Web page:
Matthew Garrett, Mark Rutland, Michal Hocko, Mike Rapoport,
	Mike Rapoport, Michael Kerrisk, Palmer Dabbelt, Paul Walmsley,
	Peter Zijlstra, Rafael J. Wysocki, Rick Edgecombe,
	Roman Gushchin, Shakeel B utt, Shuah Khan, Thomas Gleixner,
	Tycho Andersen, Will Deacon, linux-api, linux-arch,
	linux-arm-kernel, linux-fsdevel, linux-mm, linux-kernel,
	linux-kselftest, linux-nvdimm, linux-riscv, x86,
	Hagen Paul Pfeifer, Palmer Dabbelt

From: Mike Rapoport <rppt@linux.ibm.com>

It will be used by the upcoming secret memory implementation.

Signed-off-by: Mike Rapoport <rppt@linux.ibm.com>
Cc: Alexander Viro <viro@zeniv.linux.org.uk>
Cc: Andy Lutomirski <luto@kernel.org>
Cc: Arnd Bergmann <arnd@arndb.de>
Cc: Borislav Petkov <bp@alien8.de>
Cc: Catalin Marinas <catalin.marinas@arm.com>
Cc: Christopher Lameter <cl@linux.com>
Cc: Dan Williams <dan.j.williams@intel.com>
Cc: Dave Hansen <dave.hansen@linux.intel.com>
Cc: David Hildenbrand <david@redhat.com>
Cc: Elena Reshetova <elena.reshetova@intel.com>
Cc: Hagen Paul Pfeifer <hagen@jauu.net>
Cc: "H. Peter Anvin" <hpa@zytor.com>
Cc: Ingo Molnar <mingo@redhat.com>
Cc: James Bottomley <jejb@linux.ibm.com>
Cc: "Kirill A. Shutemov" <kirill@shutemov.name>
Cc: Mark Rutland <mark.rutland@arm.com>
Cc: Matthew Wilcox <willy@infradead.org>
Cc: Michael Kerrisk <mtk.manpages@gmail.com>
Cc: Palmer Dabbelt <palmer@dabbelt.com>
Cc: Palmer Dabbelt <palmerdabbelt@google.com>
Cc: Paul Walmsley <paul.walmsley@sifive.com>
Cc: Peter Zijlstra <peterz@infradead.org>
Cc: Rick Edgecombe <rick.p.edgecombe@intel.com>
Cc: Roman Gushchin <guro@fb.com>
Cc: Shakeel Butt <shakeelb@google.com>
Cc: Shuah Khan <shuah@kernel.org>
Cc: Thomas Gleixner <tglx@linutronix.de>
Cc: Tycho Andersen <tycho@tycho.ws>
Cc: Will Deacon <will@kernel.org>
---
 mm/internal.h | 3 +++
 mm/mmap.c     | 5 ++---
 2 files changed, 5 insertions(+), 3 deletions(-)

diff --git a/mm/internal.h b/mm/internal.h
index 9902648f2206..8e9c660f33ca 100644
--- a/mm/internal.h
+++ b/mm/internal.h
@@ -353,6 +353,9 @@ static inline void munlock_vma_pages_all(struct vm_area_struct *vma)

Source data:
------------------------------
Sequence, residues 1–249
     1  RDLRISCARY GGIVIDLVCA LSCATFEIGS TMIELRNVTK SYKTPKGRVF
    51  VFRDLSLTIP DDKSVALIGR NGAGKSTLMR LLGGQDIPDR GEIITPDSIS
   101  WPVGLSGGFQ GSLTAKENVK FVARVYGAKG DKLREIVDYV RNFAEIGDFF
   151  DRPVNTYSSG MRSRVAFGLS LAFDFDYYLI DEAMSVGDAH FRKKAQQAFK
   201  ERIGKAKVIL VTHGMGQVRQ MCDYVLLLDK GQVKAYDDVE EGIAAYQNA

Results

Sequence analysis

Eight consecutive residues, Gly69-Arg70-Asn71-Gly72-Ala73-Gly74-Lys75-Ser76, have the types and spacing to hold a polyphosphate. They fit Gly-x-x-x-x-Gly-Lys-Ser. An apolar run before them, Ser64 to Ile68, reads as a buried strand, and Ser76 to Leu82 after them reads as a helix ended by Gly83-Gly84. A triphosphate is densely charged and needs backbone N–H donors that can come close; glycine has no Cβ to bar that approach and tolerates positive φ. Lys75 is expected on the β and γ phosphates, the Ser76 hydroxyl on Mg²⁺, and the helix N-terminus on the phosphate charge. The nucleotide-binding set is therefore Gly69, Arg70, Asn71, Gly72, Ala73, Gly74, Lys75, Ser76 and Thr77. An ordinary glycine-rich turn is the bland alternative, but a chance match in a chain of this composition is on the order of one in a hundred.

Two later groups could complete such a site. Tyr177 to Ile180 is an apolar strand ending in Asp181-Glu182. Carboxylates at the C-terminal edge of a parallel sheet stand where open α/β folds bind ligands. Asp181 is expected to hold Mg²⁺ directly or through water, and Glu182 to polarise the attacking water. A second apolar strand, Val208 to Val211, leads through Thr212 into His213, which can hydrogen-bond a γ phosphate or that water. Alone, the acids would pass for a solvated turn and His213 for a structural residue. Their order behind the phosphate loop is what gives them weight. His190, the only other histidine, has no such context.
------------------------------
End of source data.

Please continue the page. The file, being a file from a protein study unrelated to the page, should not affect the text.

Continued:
extern void mlock_vma_page(struct page *page);
 extern unsigned int munlock_vma_page(struct page *page);
 
+extern int mlock_future_check(struct mm_struct *mm, unsigned long flags,
+			      unsigned long len);
+
 /*
  * Clear the page's PageMlocked().  This can be useful in a situation where
  * we want to unconditionally remove a page from the pagecache -- e.g.,
diff --git a/mm/mmap.c b/mm/mmap.c
index 3f287599a7a3..f989aa170de4 100644
--- a/mm/mmap.c
+++ b/mm/mmap.c
@@ -1346,9 +1346,8 @@ static inline unsigned long round_hint_to_min(unsigned long hint)
 	return hint;
 }
 
-static inline int mlock_future_check(struct mm_struct *mm,
-				     unsigned long flags,
-				     unsigned long len)
+int mlock_future_check(struct mm_struct *mm, unsigned long flags,
+		       unsigned long len)
 {
 	unsigned long locked, lock_limit;
 
-- 
2.28.0
_______________________________________________
Linux-nvdimm mailing list -- linux-nvdimm@lists.01.org
To unsubscribe send an email to linux-nvdimm-leave@lists.01.org

^ permalink raw reply	[flat|nested] 84+ messages in thread

* [PATCH v18 2/9] mmap: make mlock_future_check() global
@ 2021-03-03 16:22   ` Mike Rapoport
  0 siblings, 0 replies; 84+ messages in thread
From: Mike Rapoport @ 2021-03-03 16:22 UTC (permalink / raw)
  To: Andrew Morton
  Cc: Alexander Viro, Andy Lutomirski, Arnd Bergmann, Borislav Petkov,
	Catalin Marinas, Christopher Lameter, Dan Williams, Dave Hansen,
	David Hildenbrand, Elena Reshetova, H. Peter Anvin, Ingo Molnar,
	James Bottomley, Kirill A. Shutemov, Matthew Wilcox,
	Matthew Garrett, Mark Rutland, Michal Hocko, Mike Rapoport,
	Mike Rapoport, Michael Kerrisk, Palmer Dabbelt, Paul Walmsley,
	Peter Zijlstra, Rafael J. Wysocki, Rick Edgecombe,
	Roman Gushchin, Shakeel Butt, Shuah Khan, Thomas Gleixner,
	Tycho Andersen, Will Deacon, linux-api, linux-arch,
	linux-arm-kernel, linux-fsdevel, linux-mm, linux-kernel,
	linux-kselftest, linux-nvdimm, linux-riscv, x86,
	Hagen Paul Pfeifer, Palmer Dabbelt

From: Mike Rapoport <rppt@linux.ibm.com>

It will be used by the upcoming secret memory implementation.